On the morning of October 18, 1965, Adams consumed substantial quantities of alcohol and barbiturates in the company of several other inmates of Jackson Prison. Their conversation turned to the grievances — real or imagined — which they felt against the prison administration.

Shortly after 11 a.m., Adams and inmate Edward Whitehead went to the main dining hall of the prison where lunch was being served. Adams cut into the serving line ahead of other inmates and was told by a guard to go to the end of the line. Adams directed some verbal abuse at the guard, then proceeded with Whitehead to the prison's 4-block, a cell block in the northwest portion of the prison. Adams' conduct aroused the attention of two unarmed prison guards who followed him to 4-block.

Because this was the lunch hour, several hundred prisoners were milling about 4-block. The presence of Adams and Whitehead, plus a third inmate, Alvin Shaw, all of whom were highly agitated, as well as the two guards and the hundreds of milling prisoners, led to a disturbance of uncertain proportions.

At this time Inspector Joseph Dembosky, the highest ranking uniformed prison officer, was notified of the disturbance in 4-block. He immediately proceeded to the area and thrust himself into the center of the milling crowd.

Before Inspector Dembosky could take any action, he was seized from behind by inmate Whitehead, who held a knife to his throat. Adams also produced a knife which he used to wave back the prisoners pressing in on Inspector Dembosky and Whitehead. At the trial Inspector Dembosky testified that at this point he said, "Can't we talk about this?" Another witness testified that Dembosky said, "Can't we go somewhere and talk about this?" Adams, Whitehead, and Shaw, all of whom had knives, then accompanied Dembosky at knifepoint out of 4-block into the prison yard.

There were approximately one thousand inmates in the yard as Dembosky, Whitehead, Shaw, and Adams left 4-block. Inspector Dembosky testified that he felt that there was danger of a riot if the party remained in the yard. He suggested that they go to the prison gymnasium to talk things over. Instead, he was forced to accompany Whitehead, Shaw, and Adams to the prison hospital, which was roughly 1500 feet from the entrance to 4-block. During their journey to the hospital, the armed inmates repeatedly shouted warnings to the heavily-armed tower guards that Inspector Dembosky would be killed if they were fired upon.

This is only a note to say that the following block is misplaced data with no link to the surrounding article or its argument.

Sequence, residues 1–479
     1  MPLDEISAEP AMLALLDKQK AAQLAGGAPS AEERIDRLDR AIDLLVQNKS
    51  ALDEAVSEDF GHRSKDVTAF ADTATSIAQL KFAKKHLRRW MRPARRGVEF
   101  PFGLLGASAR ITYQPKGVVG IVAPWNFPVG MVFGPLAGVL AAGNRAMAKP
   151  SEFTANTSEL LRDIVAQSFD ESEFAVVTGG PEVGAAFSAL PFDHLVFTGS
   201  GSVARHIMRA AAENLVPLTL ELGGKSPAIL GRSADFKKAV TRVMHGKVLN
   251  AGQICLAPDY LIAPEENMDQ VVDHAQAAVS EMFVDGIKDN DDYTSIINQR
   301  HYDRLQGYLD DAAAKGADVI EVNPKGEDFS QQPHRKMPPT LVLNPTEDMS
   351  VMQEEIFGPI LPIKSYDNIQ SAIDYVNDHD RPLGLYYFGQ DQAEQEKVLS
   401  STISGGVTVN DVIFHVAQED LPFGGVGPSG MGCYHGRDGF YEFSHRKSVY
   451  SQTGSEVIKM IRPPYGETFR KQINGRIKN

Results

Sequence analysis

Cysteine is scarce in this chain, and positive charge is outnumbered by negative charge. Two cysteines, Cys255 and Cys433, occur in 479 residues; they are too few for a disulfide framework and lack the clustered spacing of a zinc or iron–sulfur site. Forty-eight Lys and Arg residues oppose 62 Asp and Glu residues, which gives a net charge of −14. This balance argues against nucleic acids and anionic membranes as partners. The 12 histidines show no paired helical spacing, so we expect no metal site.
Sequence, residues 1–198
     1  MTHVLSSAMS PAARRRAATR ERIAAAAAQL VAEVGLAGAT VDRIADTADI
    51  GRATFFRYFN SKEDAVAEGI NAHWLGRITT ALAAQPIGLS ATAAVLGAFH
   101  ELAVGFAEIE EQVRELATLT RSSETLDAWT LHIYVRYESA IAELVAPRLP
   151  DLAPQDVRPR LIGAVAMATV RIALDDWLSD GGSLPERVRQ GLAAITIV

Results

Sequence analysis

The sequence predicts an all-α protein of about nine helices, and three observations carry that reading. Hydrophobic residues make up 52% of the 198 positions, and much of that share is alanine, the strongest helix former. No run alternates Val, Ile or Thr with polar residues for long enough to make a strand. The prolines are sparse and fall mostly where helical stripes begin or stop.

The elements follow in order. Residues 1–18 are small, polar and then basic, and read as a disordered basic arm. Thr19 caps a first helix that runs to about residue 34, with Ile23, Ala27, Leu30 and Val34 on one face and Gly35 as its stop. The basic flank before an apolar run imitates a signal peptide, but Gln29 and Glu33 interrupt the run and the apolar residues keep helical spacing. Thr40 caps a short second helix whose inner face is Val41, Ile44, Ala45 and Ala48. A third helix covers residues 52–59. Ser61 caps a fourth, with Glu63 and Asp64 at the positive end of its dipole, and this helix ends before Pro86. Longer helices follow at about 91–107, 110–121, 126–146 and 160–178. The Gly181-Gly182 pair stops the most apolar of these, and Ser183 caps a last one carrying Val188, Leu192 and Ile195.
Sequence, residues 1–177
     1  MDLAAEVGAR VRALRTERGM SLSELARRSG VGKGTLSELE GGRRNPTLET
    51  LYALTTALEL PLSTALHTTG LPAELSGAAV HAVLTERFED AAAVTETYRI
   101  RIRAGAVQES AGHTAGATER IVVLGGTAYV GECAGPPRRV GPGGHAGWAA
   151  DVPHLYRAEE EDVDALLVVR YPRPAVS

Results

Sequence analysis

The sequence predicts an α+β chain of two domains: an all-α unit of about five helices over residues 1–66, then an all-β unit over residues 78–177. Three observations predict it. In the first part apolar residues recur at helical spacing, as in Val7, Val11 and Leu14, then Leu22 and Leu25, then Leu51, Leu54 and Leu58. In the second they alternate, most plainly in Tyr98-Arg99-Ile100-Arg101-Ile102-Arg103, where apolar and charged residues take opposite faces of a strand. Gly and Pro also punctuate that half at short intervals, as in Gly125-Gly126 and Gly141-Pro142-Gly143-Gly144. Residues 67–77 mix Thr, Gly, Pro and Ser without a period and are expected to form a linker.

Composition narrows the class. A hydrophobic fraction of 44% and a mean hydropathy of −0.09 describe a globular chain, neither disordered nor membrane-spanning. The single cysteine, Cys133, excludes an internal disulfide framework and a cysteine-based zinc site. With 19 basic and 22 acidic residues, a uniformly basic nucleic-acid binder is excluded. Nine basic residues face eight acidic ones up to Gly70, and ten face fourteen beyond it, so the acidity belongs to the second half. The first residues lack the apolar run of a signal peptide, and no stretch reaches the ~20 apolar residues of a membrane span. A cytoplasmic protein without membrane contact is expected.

Shortly before reaching the hospital building, the group was joined by another inmate, Milton Thomas, who was also armed. Together, immediately after entering the hospital, they seized two guards, a prison doctor, and an inmate elevator operator named Hubbard. Shaw, Whitehead, Thomas, and Adams, together with Inspector Dembosky and the other victims, then proceeded to the doctor's lounge on the fifth floor of the hospital.

Adams and his cohorts erected barricades around the lounge. Over an intercom, they repeatedly demanded to see various prison officials, as well as the warden, to air their grievances. They also demanded to see a newspaper reporter. There were repeated warnings that Inspector Dembosky would be killed if they were fired upon.

During the hours that followed, the armed inmates displayed contradictory behavior toward their captives. The physician was released when Adams ascertained that he had a heart condition. Thomas told the warden to notify the pregnant wife of one of the captive guards that he would not be harmed. Contrastingly, inmate Hubbard was severely beaten by Adams, then released as an example of Adams' serious intentions.

A number of prison officials visited the fifth floor landing to discuss grievances. A newspaper reporter summoned to the scene was occupied for almost three hours in recording these grievances. Adams repeatedly expressed his fear of being shot by guards when he left the fifth floor.

After about 5-1/2 hours, Shaw, Whitehead, Thomas, and Adams were persuaded to abandon their barricaded position. Upon being given assurances that they would not be shot, they released their captives unharmed. They then proceeded to the deputy warden's office, where they surrendered their weapons.

The reprehensible nature of Adams' action does not alter our duty to determine whether the evidence against him is sufficient to support his conviction for kidnapping Inspector Dembosky.

The failure of Adams' counsel to move for a directed verdict, to make a motion for a new trial, or to assign insufficiency of evidence as error on appeal does not relieve us of our obligation to notice plain error. See People v. Smith (1932), 260 Mich. 486, where, despite identical procedural deficiencies, the Michigan Supreme Court observed (p 489):
"Conviction by a jury without evidence commands no procedural support, and when the error is fundamental, manifest and noticed, such a conviction cannot be permitted to stand."
We invited the parties to file additional briefs on the question we decide and they did so.


The statute and its overbreadth

"The sense of any statute is to be collected from its object and the nature of the subject matter. Particular phrases must be read in the light of the contextual setting. The import of such language is controlled accordingly. The literal sense of terminology cannot prevail over the reason and spirit of the expression as a whole." Dodd v. Copeland (1968), 99 N.J. Super. 481, 486 ( 240 A.2d 444, 446).

"All laws should receive a sensible construction. General terms should be so limited in their application as not to lead to injustice, oppression, or an absurd consequence. It will always, therefore, be presumed that the legislature intended exceptions to its language, which would avoid results of this character. The reason of the law in such cases should prevail over its letter." People v. Daniels (1969), 71 Cal.2d 1119, 1130 ( 80 Cal.Rptr. 897, 903; 459 P.2d 225, 231), quoting United States v. Kirby (1868), 74 US (7 Wall) 482, 486 ( 19 L Ed 278, 280).